ST Format Issue 16 – Download
The World in October 1990
The World in October 1990
In UK news the pound joined the European Exchange Rate Mechanism, the precursor to the Euro. This would prove to be a mistake. Women finally got to serve on warships. There was wide acceptance that we would have a recession, though predictions were that it would be short. Tim Berners-Lee began working on creating the World Wide Web – this would prove to be a dreadful mistake.
The US news David Souter joined hte Supreme Court. The Ulysses probe was sent to study the sun. President Bush vetoed a civil rights bill that would have enhanced protection against job discrimination, arguing that it would lead to race and gender quotas – as the Netherlands steps closer to enforcing quotas we see that he was right. Evander Holyfield beat Buster Douglas.
Elsewhere in the world Rwanda entered civil war. East and West Germany officially reunified into a single country, and Mikhail Gorbachev was awarded the Nobel Peace Prize, two events which signalled the end of the dark days of the cold war. In South Africa segregation was eased with transport and public facilities opened to all races.
On TV we saw the debut of the Mary Whitehouse Experience. It was very 90s. Twin Peaks also made its UK TV debut, as did Keeping Up Appearances.
The film charts saw Ghost at #1 for the adults and The Little Mermaid at #2 for the kids, back when gingers were allowed in Disney films. Robocop 2 is a classic at #3.
The album chart sees the Charlatans debut at #1 though it was in the mid-90s during the Britpop movement that they truly shined. Still, The Only One I Know was an awesome song. The rest of the chart.. Status Quo, Michael Bolton and The Shadows. Old people were buying too many fucking albums.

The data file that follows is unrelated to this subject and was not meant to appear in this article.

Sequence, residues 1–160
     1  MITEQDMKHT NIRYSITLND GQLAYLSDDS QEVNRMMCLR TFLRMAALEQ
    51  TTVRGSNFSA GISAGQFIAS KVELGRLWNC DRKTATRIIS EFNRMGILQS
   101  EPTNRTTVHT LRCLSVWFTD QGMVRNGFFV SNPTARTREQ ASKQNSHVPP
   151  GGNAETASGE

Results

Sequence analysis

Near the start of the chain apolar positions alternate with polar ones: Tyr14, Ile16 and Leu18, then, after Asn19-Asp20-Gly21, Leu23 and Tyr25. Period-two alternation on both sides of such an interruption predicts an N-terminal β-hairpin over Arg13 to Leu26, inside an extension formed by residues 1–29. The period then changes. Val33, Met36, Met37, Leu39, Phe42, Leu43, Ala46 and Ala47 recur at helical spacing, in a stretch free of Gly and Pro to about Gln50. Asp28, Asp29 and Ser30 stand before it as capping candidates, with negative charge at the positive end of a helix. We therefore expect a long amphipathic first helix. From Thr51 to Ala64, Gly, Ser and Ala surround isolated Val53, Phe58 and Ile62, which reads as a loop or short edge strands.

The singles chart saw Maria McKee at #1 with Show Me Heaven which we can blame on Ghost. Status Quo were at #2 with the Anniversary Walktz, oh for fuck’s sake. Bobby Vinton at #3 with Blue Velvet for some reason – I have no idea. More positively at #4 we have The Beautiful South with A Little Time, at #5 we have LondonBeat with I’ve Been Thinking About You and at #6 there’s the Technotronic Megamix. The Pet Shop Boys at #9 with So Hard are also awesome.
Issue 16 came out in October 1990, and is proclaimed as the fattest issue ever, and it’s pretty damn chunky at 180 pages – that said, while this is the ST at the peak of its powers, the same issue of Amiga Format is 244 pages, a sign perhaps that the Amiga was already pulling ahead. The cover isn’t one of their more inspiring ones, focusing on ST productivity. The coverdisk carried a demo of Atomic Robokid, and more interestingly a demo of TCB Tracker (a music program using samples).
The news carried yet another example of Atari’s incompetence – the DMA chip in the new fancy STEs had a fault which could cause the data on a connected hard drive to be wiped. Atari as usual insisted only a small batch of STEs were affected and that it was only third party drives but this blase approach was just typical Atari with the likes of Gasteiner saying it was closer to half of all STEs and affected even Atari drives. The STE was far from an attractive proposition offering a miniscule upgrade over the STFM, incompatibility with many games, and another nail in the coffin, hard drives going kaput. In typical Atari fashion they didn’t provide specification sheets for the DMA interface.
Rumours began to surface of the Atari Panther, a machine with a Motorola 68000 CPU running at 12MHz, a 4096 colour screen from a 16 million palette, with 8-bit 4 channel stereo sound. This may sound interesting in theory, as vapourware as it was, but in reality a faster 68000 CPU would do little to compete with the likes of the Mega Drive, even with more colours, because Atari at no point in their post-ST history managed to come up with a decent chipset to go with the motorola CPU. There’s also a rumour about a machine between the ST and TT codenamed Jaguar – this looks like someone mixing up internal projects – it looks like maybe the Falcon leaked but they ended up getting the Jaguar name which would of course be the console that came out.
We had features on how to run a bulletin board and a shareware library, though some previous issues news reports suggested that perhaps we shouldn’t be letting kids run these kinds of businesses. There’s also a guide to DTP for anyone who wants to write their own newsletter or fanzine. There’s a little guide on how to become a programmer, though I can tell you it’s very very basic and includes no specifics on how to learn any language. We also get a feature on how the ST is used at the BBC in creation of Have I Got News For You.
In software reviews we have the Carebear’s TCB Tracker which gets a 93% Format Gold.